Something Is Growing Inside: An Unusual Adverse Effect of Paravertebral Block

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To the Editor:
Thoracic paravertebral blockade (TPVB) is often used in situations where a patient has unilateral thoracic pain with blockade focused at the nerve roots, and it has been effectively used for traumatic rib fractures. We present an unusual adverse effect of a unilateral thoracic paravertebral block that is easily treated but may alarm the patient and nursing staff.
A 58-year-old healthy man sustained 2 left-sided rib fractures at the 9th and 10th ribs during an altercation. Pain was treated with an ultrasound-guided TPVB, transverse in-plane approach, performed at T9–10 paravertebral space with placement of catheter that was bolused and basally infused with 0.25% bupivacaine. The patient had instantaneous pain relief.
That same night, the trauma team and anesthesiologist on call were alerted by a floor nurse who had noticed that the patient's abdomen was bulging on the left side as if “something was growing inside” (Fig. 1). On assessment, it was noted that the abdomen was protruding on the left side, which alarmed the patient, but no pain was reported. An abdominal binder was prescribed, and the patient did well for the rest of his hospitalization.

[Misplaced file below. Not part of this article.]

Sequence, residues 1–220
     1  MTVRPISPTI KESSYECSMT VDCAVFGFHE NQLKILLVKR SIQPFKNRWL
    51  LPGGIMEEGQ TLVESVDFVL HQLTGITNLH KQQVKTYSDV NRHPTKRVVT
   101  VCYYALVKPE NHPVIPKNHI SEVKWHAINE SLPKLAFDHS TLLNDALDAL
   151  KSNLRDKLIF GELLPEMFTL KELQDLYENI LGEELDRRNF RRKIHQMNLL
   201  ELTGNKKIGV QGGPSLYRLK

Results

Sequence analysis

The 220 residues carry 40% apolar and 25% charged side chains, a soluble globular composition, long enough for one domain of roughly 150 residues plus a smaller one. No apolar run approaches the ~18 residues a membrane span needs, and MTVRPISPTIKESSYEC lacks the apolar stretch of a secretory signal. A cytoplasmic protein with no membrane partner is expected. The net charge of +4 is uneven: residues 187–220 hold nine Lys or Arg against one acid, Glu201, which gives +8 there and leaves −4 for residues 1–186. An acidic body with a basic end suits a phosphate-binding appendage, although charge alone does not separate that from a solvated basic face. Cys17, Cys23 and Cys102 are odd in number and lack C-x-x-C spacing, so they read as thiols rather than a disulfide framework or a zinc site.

Thoracic paravertebral blockade is an established treatment modality for treatment of pain caused by rib fracture with less risk of complications than a thoracic epidural.1,2 The incidences of failure and complications for TPVB are cited to be between 6.8% and 10%, and 2.6% and 5%, respectively.3 These include hypotension (4.6%), vascular puncture (3.8%), epidural spread, inadvertent pleural puncture (1.1%), and pneumothorax (0.5%).4 Our patient experienced none of the reported complications but instead had unilateral relaxation of abdominal muscles.
To our knowledge, this unusual adverse effect related to TPVB has never been reported in the literature, although there exists 1 case report of a “flank bulge” related to a transversus abdominis block.5 The abdominal muscles are innervated by intercostal nerves 7 to 11, subcostal nerves, and iliohypogastric and ilioinguinal nerves; a TPVB at T9–10 could easily relax these muscles, leading to a “flank bulge.” While alarming to the patient and the nursing staff, it is indeed a sign that the block is working well, and it would be prudent to educate patients and staff on how this occurs to prevent unnecessary alarm.
The patient has given permission to report this case for educational purposes, including the use of the electronic media.

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